V12 engines are rare enough these days, never mind V12 engines claiming to be the “greatest” ever made, but nothing about the Gordon Murray Automotive T.50 supercar ever promised to be mundane. Announced last year, the high-end road car from the father of the McLaren F1 hasn’t stinted when it comes to aerodynamics or unusual engineering – now we know the V12 engine is no different.
While the 3.9-liter displacement certainly isn’t the biggest out there in a supercar, the fact that Murray is using twelve cylinders does make the T.50 fairly unusual. Just as in more everyday vehicles, turbocharging has made inroads into exotics, where the lure of a smaller overall engine but with no compromise on power is strong.
The T.50 bucks that trend. Naturally-aspirated, the Cosworth-made engine for the coupe will be the highest-revving, most power-dense, and lightest of its type ever, the automaker claims. Entirely bespoke for Murray, it shares no parts with any other car, and will be presented under a “viewing gallery” with dual gullwing openings. These pivot up from the central spine of the car, to reveal the V12 with no plastic cladding or covers.
There’ll be 344 lb-ft of torque, which arrives at 9,000 rpm. That’s not the redline, though: in fact, the T.50 will go all the way to 12,100 rpm, and set a record in the process. Peak 654 horsepower will land at 11,500 rpm, meanwhile.
However there’s been a focus on making sure the T.50 offers as much usable power as possible even at lower engine speeds. 71-percent of the torque, for example, will arrive from 2,500 rpm.
GMA is even using tech more familiar from jets than road cars. The most extreme aerodynamic mode is Vmax Mode, where ram air induction is relied upon to boost performance, along with about 49 hp more contributed by the 48v integrated starter-generator. Rather than an automatic transmission, though, the T.50 uses a six-speed manual “H-pattern” short-throw gearbox.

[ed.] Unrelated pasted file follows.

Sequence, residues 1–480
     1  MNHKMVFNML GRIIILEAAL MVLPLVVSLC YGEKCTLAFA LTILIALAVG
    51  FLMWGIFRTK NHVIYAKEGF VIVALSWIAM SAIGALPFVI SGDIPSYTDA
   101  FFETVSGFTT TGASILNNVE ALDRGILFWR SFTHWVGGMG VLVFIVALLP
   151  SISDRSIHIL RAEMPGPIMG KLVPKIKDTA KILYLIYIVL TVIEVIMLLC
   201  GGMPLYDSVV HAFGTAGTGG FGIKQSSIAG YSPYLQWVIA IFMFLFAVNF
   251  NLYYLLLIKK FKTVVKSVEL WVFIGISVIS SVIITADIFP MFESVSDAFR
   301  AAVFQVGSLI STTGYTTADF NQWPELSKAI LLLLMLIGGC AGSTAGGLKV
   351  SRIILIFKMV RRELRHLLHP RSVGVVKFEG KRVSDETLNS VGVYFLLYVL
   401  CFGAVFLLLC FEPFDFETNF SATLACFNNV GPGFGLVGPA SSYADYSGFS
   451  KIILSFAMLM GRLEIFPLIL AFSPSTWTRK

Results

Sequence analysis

Also bespoke, the Xtrac-made transmission tips the scales at under 178 pounds. It’s also designed to be short and narrow, so as to avoid interfering with the car’s aero; Xtrac used a cast aluminum housing just 2.4mm thick. The first five ratios are close together, for maximum acceleration, while the sixth is higher for cruising.
The other downside to turbocharging – and a contributing factor to why the T.50 doesn’t use it – is the soundtrack. “You can never get a great sound from a turbocharged engine,” Murray himself says, and though he might not find total agreement there, since the supercar is his baby it’s his rules by which the engineers obeyed.
The high redline is one element of the audio, but there’s also a Direct Path Induction Sound system which helps bring some of the general V12 noise into the cabin. Right above the driver’s head, meanwhile, is the cold-air ram induction intake, and that helps amplify the sound – using the carbon fiber roof as a loudspeaker – the more you tread on the gas.
In total, the engine weighs just 392 pounds. However performance, sound, and aesthetics aren’t the only demands the T.50 place on it: with the gearbox, it’s also a semi-structural component. The suspension wishbones are connected to the gearbox casing, with lateral, fore, and aft movement of the engine limited with rubber-mounted trapezoidal links and snubber bushings.
Overall, this is an F1-inspired engine that is shaping up to live up to that billing. GMA says the T.50 will make its full debut on August 4, though potential owners haven’t been waiting around for that. Only 100 will be made – each costing more than £2 million ($2.6 million) – from 2022, and every one has already been sold.